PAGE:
Courrielche: For your readers that haven’t heard it yet, the episodes investigate the trial and conviction of a British West Indies born American man named George Gage. He was found guilty of sexually assaulting his stepdaughter and sentenced to 70 years in a California state prison.

Over the years some have suggested that he was wrongfully convicted – including the trial judge. During his appeal, the office of then-Attorney General of California Kamala Harris refused to hand over evidence that was illegally withheld during George’s trial that some felt would have led to a not guilty verdict.

We were hesitant to dig into the case because we didn’t want to politicize a molestation case. But after Tulsi Gabbard called out Harris for her criminal justice record during one of the early primary debates, we decide to investigate the trial.

To answer your question, the story challenged our views on so many levels. First, we didn’t realize how important storytelling was in a trial. It’s almost entirely narrative…especially when there is little to no evidence.

Imagine a movie where a key plot twist that severely damages the credibility of an accuser in the story is withheld from the film’s narrative – and at the end of the film the audience is asked to judge the villain without knowing the plot twist.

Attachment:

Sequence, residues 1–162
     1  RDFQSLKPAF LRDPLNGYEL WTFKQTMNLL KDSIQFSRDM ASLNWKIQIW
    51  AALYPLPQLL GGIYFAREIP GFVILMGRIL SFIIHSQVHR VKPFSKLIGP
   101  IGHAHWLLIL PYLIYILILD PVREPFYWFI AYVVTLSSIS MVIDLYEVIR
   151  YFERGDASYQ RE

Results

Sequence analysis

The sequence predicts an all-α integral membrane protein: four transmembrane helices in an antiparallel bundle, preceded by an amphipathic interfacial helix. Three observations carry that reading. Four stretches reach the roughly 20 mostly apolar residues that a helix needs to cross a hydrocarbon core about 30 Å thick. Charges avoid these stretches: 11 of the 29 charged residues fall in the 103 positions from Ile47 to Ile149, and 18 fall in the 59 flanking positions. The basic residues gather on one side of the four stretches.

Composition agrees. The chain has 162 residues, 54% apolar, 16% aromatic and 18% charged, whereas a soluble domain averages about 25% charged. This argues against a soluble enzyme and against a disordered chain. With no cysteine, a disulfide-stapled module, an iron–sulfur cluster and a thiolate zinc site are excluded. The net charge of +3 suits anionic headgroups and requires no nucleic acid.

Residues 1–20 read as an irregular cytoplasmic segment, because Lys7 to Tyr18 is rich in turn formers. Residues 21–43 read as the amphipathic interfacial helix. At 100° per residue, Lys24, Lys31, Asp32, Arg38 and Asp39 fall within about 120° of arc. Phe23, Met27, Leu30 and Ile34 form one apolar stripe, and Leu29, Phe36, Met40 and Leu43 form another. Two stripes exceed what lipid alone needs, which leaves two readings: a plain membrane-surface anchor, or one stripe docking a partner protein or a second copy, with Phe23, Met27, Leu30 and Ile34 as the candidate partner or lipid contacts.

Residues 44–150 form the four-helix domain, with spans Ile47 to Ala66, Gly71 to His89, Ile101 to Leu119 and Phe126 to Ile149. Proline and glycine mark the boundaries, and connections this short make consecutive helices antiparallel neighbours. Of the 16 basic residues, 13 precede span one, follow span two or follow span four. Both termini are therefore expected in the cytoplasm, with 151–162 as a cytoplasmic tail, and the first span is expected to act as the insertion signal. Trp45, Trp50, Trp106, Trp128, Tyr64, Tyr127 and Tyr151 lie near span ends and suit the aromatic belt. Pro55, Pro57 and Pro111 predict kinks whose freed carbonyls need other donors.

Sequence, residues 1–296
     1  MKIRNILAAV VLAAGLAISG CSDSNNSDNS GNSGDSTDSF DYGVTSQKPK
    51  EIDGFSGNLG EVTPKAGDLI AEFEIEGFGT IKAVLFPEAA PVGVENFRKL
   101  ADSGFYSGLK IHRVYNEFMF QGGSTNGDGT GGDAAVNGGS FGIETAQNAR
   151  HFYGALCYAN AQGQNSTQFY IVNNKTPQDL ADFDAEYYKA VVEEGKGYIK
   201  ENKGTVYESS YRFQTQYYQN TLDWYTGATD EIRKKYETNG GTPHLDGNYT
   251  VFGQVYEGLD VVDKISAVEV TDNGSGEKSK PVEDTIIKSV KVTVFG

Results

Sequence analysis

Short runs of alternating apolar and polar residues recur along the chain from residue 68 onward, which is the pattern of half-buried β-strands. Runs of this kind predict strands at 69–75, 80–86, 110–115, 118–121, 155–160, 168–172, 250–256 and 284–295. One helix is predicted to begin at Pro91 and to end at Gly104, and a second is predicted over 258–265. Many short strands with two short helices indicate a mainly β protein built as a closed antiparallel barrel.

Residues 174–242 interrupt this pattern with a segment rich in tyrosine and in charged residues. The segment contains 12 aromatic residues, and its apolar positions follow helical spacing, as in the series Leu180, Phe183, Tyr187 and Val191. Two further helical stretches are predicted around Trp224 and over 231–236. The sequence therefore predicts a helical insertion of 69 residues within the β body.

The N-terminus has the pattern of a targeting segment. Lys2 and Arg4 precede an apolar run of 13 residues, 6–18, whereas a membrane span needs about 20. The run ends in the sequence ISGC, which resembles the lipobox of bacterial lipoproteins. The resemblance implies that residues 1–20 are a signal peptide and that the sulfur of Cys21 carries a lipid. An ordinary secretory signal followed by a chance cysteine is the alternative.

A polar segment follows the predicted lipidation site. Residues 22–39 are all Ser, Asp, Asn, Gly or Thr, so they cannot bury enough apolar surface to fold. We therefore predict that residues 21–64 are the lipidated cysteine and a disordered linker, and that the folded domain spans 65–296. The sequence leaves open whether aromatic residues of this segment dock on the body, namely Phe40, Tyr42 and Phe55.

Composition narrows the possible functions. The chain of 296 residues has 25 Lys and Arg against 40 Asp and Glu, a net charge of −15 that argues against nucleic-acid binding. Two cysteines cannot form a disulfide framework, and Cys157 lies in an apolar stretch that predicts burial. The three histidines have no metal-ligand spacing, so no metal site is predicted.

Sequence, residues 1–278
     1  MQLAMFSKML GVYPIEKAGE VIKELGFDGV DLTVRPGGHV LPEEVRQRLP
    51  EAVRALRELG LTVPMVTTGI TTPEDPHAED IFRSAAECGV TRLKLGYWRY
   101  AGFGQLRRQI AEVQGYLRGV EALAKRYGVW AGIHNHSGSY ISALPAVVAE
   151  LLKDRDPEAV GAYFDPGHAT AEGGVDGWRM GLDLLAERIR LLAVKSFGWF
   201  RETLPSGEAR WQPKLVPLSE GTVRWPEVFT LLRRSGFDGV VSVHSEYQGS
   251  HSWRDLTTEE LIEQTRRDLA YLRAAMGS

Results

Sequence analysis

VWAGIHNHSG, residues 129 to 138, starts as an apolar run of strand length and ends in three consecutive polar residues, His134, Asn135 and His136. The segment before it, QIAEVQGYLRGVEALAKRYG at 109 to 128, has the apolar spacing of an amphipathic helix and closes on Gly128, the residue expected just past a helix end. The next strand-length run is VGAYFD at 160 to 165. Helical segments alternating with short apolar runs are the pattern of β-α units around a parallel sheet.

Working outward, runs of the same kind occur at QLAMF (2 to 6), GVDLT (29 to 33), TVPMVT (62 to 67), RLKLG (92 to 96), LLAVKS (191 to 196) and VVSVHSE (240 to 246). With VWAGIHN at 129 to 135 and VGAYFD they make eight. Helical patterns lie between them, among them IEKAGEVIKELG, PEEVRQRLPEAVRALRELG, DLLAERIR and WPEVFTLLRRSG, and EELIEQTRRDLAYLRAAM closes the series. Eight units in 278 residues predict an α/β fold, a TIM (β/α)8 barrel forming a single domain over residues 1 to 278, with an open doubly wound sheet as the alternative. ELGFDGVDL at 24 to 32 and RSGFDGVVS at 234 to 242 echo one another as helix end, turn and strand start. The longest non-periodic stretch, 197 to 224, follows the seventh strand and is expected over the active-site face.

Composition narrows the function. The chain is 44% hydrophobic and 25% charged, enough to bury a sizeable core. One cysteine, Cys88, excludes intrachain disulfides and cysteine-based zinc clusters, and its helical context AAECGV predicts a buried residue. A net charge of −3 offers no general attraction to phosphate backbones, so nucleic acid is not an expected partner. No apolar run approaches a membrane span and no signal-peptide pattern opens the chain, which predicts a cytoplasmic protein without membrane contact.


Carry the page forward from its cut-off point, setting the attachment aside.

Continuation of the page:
The viewer develops an opinion of the villain without all of the information. That is what happened in this case. We didn’t realize how much power a prosecutor had in defining what was and was not included in the story of a defendant. But the biggest surprise in this story was that someone could be convicted to life in prison with no physical evidence, no witnesses, no prior record and no contemporaneous information that points to the guilt of the defendant.

George Gage was sentenced to 70 years purely on the testimony of the accuser…and we later learned that the accuser had a motive to lie. That was actually a jarring realization, and I think anyone that listens to the series will come away thinking the same thing.

HiT: Podcast listeners might not realize the amount of work that goes into a show like yours. Can you give a quick example of the production process and how it requires considerable care and attention?